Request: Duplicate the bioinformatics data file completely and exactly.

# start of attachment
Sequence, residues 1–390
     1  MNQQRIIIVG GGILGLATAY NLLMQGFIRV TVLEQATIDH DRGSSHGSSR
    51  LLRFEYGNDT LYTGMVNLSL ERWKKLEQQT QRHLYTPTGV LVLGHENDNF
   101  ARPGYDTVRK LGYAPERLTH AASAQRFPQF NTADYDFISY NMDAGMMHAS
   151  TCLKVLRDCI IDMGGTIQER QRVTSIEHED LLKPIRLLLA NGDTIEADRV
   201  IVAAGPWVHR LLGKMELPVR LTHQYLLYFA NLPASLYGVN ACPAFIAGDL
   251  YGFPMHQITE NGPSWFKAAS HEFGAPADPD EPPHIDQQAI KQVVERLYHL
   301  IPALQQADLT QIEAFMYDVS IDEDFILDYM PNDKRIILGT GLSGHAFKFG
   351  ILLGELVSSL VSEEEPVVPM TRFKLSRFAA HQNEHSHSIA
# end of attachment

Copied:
Sequence, residues 1–390
     1  MNQQRIIIVG GGILGLATAY NLLMQGFIRV TVLEQATIDH DRGSSHGSSR
    51  LLRFEYGNDT LYTGMVNLSL ERWKKLEQQT QRHLYTPTGV LVLGHENDNF
   101  ARPGYDTVRK LGYAPERLTH AASAQRFPQF NTADYDFISY NMDAGMMHAS
   151  TCLKVLRDCI IDMGGTIQER QRVTSIEHED LLKPIRLLLA NGDTIEADRV
   201  IVAAGPWVHR LLGKMELPVR LTHQYLLYFA NLPASLYGVN ACPAFIAGDL
   251  YGFPMHQITE NGPSWFKAAS HEFGAPADPD EPPHIDQQAI KQVVERLYHL
   301  IPALQQADLT QIEAFMYDVS IDEDFILDYM PNDKRIILGT GLSGHAFKFG
   351  ILLGELVSSL VSEEEPVVPM TRFKLSRFAA HQNEHSHSIA